Friday, 19 May 2017
Cannes 2017 - Loveless by Andrey Zvyagintsev
Andrey Zvyagintsev made an impact in Cannes in 2014 with the bombastic, Kafka-esque nightmare Leviathan, and walked away with the award for best screenplay. He is back this year in competition with Loveless (but then you'd expect his new film to be called Loveless).
In Loveless, Zhenya (Maryana Spivak) and Boris (Alexey Rozin) are going through a messy divorce, having both found a new partner already. Their son Alyosha is the last "detail" to be sorted before they can move on with their new lives, but in the midst of a particularly acrimonious fight, he vanishes (not that they even notice at first!).
Leviathan was a scathing attack on Russian society and its corruption, at times almost over the top. Loveless is a scathing attack on Russian society and its middle class, a more contained work, and even more affecting.
Eastern European cinema is sometimes caricatured as being a dour misery fest, yet the Russian film is much more assured and balanced. Its main quality is how realistic it all feels for all its darkness, none of the events feeling particularly over the top or laboured. That is not to say they are not gut-wrenching. The bitter divorce and ensuing pettiness between Zhenya and Boris are painful to watch. In a chilling scene, Zhenya is quietly contemplating scheming up to make her husband lose his job, purely out of spite. There is no bunny boiling, no outburst of physical violence, just the cold harsh reality of a loveless marriage disintegrating in front of us, in a way that feels very relatable and universal.
Boris's selfishness is apparent to all who know him, except for his new partner, already pregnant from him, and most probably destined to be casually dumped once he gets bored of her, his usual cycle according to his wife. As for Zhenya, she is materialistic to the core, having already found a new, wealthier partner and the director film their sex scenes as a way to highlight the gorgeous but cold designer interior rather than their actual bodies. There is a hint as to how Zhenya came to be that way when we meet her estranged mother, as the couple suspect their child might have seeked refuge there. The old matriarch is a monument of cynicism and misanthropy, with her foul mouthed tirade the only scene that comes close to dark humour, punctuated by a cat meow, just to hammer down how little the woman wants to have to do with actual people.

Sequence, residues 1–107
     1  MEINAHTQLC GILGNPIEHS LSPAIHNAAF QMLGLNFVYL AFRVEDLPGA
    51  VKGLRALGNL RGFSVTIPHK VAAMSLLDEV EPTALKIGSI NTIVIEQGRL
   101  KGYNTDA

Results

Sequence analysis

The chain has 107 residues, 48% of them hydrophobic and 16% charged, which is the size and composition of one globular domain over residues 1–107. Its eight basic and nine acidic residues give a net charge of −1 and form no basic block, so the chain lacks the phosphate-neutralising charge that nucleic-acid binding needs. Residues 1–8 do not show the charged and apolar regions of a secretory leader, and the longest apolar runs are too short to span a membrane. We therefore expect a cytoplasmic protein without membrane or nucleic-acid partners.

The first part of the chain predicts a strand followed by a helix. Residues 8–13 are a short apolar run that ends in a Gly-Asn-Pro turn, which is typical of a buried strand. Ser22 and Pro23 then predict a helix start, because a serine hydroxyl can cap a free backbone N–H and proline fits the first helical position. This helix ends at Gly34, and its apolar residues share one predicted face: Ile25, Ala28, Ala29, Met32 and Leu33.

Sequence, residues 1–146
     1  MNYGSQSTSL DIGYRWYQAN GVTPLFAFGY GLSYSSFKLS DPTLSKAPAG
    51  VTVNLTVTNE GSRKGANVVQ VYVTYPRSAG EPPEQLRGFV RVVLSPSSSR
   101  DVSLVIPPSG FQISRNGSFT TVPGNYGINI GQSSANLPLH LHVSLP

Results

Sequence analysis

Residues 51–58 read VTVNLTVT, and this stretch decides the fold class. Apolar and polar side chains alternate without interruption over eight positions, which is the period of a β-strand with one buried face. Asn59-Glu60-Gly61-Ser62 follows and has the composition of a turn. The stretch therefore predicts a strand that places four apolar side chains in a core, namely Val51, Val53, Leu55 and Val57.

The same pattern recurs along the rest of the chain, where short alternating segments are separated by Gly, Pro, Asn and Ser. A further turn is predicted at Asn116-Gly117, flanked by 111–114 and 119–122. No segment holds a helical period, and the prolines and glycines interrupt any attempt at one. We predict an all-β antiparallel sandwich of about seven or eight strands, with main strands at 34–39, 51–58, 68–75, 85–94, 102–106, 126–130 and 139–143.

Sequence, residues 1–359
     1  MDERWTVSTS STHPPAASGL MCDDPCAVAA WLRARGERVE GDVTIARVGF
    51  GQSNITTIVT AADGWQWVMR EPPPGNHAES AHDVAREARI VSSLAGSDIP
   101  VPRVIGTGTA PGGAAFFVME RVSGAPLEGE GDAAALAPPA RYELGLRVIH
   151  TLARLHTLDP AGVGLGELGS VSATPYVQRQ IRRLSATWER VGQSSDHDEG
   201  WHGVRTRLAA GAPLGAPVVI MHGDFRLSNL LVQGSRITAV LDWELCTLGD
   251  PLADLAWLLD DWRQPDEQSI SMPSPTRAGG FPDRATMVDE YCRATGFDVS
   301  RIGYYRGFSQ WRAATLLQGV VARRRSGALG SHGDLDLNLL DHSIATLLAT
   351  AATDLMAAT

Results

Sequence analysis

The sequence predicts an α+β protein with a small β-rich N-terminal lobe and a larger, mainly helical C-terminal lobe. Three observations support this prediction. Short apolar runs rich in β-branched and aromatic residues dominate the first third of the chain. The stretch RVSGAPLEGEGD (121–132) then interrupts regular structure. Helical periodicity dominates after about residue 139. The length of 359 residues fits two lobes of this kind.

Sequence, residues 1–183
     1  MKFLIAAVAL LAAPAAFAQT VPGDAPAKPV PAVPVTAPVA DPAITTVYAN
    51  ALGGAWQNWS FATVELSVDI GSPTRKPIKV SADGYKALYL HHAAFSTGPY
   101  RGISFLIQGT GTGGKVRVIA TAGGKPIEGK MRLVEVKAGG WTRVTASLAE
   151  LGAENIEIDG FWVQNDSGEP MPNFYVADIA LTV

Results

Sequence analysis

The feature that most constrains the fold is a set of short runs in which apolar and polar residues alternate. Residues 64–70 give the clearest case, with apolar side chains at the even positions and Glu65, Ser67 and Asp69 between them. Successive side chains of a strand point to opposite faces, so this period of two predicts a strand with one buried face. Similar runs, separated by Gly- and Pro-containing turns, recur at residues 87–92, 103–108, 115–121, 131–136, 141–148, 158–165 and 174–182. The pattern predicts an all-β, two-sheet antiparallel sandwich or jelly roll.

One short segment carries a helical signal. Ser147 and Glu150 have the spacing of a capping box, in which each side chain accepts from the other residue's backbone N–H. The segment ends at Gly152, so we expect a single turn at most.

It is not just the couple that the director has in his sight. Through Boris's issues in his nondescript corporation, we understand how hypocritical and conservative Russian society is, where lies and masquerades are acceptable and even encouraged as long as appearances are kept intact. As for the police, it is shown as jaded and indifferent, forcing the parents to rely on a charity to lead the investigation.
For such a dark film, Andrey Zvyagintsev has a real visual flair, perfectly reflecting the mood of each scene and conveying Russian society's bleakness too, through a colour palette that reflects corporate soullessness and wintery urban isolation.
Loveless is not an easy film to "enjoy" (coming out of it, I called it 'Everyone Says I Hate You"), but it confirms Andrey Zvyagintsev's position as one of the leading voices of contemporary Russian cinema.
Review by Laurent de Alberti
Official Selection, In Competition
Star rating: ★★★★★
Loveless. 2017 Russia/France. Directed by Andrey Zvyagintsev. Starring Maryana Spivak, Alexey Rozin...